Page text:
Friday, August 11, 2023

Book Review: The Vanished Birds by Simon Jimenez


I was put off by all the character changes early on. Maybe I've just absorbed the writing "rules" that you shouldn't abandon characters, you shouldn't start with characters who won't show up (barely) again, you should have your characters eventually meet. But my emotional reaction shows me that these rules are there for a reason. I felt disappointed when the initial character was clearly left behind. I felt frustrated when a four-person spaceship crew that I had struggled to get to know all or mostly abandoned their captain. Maybe it is realistic that not everyone would stay but I had an aversion to getting to know the new crew when my previous investment had been squandered. 

There was a bit of hope when a long-ago character, who had seemed very important and indeed is where the title comes from, turns out to live long enough to potentially meet up with the current characters. There was hope that two people who'd both lost their lovers long ago would end up together. These hopes were destroyed in a nuclear-type reaction at the end. Very unsatisfying.

Another source of dissatisfaction was with the timing. One of the main questions is finally answered around 70%, but the character very selfishly doesn't do anything about it for a while. Maybe this is realistic but it made me mad at him and wanting to skip ahead to when something interesting happens. 

The author's use of language and the sci fi of his world are definitely unique. He turns nouns into verbs and makes up great tech: near-FTL travel is done by folding into the pocket and riding celestial currents that have names. Time dilation is real and affects people's lives profoundly (at least at the beginning). The ships are piloted with cat's cradles. Cool stuff like that.  (There is a chance I just don't know that this is common in these kinds of stories!)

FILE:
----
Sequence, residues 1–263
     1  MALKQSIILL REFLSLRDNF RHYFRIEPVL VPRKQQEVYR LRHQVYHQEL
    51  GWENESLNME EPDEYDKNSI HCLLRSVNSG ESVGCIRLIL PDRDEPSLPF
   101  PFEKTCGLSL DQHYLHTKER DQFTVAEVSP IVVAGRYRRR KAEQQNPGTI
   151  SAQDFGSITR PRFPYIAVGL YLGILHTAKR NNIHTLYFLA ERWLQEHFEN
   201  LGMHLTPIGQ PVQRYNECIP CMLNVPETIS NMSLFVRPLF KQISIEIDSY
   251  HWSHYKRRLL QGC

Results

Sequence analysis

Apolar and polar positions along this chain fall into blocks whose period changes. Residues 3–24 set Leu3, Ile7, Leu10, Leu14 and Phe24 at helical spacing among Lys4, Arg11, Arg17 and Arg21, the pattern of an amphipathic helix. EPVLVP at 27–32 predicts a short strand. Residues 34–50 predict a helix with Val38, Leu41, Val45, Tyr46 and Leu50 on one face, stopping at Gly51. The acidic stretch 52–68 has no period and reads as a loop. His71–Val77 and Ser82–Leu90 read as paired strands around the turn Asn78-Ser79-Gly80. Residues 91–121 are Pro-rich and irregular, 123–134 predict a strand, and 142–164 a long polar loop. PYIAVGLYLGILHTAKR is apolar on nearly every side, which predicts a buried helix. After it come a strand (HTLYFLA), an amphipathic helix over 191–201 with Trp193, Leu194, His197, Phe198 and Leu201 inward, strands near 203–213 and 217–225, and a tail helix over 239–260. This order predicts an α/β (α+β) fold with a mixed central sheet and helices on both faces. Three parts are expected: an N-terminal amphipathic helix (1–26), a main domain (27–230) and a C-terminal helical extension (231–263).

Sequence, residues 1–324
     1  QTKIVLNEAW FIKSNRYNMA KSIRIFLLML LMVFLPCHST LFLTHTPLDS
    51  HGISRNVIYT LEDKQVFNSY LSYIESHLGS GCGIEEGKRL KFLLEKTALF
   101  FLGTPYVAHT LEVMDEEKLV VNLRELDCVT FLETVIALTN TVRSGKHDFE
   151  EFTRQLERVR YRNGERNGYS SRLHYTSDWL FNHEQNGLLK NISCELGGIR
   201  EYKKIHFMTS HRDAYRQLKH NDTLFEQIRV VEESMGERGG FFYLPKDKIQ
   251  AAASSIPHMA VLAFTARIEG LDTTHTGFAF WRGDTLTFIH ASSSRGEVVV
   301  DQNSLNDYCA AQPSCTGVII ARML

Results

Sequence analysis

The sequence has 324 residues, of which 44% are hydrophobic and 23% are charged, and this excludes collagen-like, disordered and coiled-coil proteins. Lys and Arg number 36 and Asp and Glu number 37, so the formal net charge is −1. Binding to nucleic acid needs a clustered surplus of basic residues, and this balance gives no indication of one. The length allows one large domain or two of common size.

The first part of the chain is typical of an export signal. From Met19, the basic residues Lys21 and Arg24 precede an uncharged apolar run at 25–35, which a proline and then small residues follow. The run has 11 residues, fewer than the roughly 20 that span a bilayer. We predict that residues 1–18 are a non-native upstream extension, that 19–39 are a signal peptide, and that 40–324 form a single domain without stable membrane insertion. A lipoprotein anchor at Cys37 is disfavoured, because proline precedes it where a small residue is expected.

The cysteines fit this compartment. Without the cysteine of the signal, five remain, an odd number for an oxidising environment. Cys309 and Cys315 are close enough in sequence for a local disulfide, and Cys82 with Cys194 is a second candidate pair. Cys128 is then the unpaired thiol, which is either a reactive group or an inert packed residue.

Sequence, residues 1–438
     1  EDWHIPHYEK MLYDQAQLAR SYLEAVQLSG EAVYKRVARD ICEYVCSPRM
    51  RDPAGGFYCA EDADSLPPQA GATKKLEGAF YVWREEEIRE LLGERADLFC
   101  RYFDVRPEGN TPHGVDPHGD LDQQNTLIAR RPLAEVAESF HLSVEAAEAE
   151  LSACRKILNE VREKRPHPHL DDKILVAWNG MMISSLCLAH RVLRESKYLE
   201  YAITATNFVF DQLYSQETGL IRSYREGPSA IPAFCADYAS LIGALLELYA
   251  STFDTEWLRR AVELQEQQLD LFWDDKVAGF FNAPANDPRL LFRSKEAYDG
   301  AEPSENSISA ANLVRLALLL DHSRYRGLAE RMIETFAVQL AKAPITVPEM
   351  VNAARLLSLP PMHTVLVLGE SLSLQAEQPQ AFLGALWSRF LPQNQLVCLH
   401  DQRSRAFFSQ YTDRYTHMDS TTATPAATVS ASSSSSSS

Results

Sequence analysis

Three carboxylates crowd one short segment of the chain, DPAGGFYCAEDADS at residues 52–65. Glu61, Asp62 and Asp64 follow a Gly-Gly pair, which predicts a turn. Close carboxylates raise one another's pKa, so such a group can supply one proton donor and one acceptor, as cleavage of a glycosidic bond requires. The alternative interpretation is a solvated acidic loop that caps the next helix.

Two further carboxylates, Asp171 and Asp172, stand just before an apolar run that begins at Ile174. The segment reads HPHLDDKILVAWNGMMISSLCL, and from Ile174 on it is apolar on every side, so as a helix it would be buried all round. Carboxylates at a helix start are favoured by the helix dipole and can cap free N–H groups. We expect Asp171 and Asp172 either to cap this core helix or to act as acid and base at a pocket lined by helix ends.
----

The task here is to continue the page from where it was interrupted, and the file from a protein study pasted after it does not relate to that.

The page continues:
I also appreciated how many non-heterosexual relationships there were without any mention or need to use identity words. Very much just a "this is how the world is."

And overall it is a thumbs up because hey, I finished it! Granted, it was my only book while camping for two weeks (thanks to having left my kindle on a plane, unexpectedly returned by Delta's great lost and found system), which basically forced me to get over my annoyance at the loss of main characters so early. By then I was invested enough, and hopeful enough, to carry on. But it was worth reading. 

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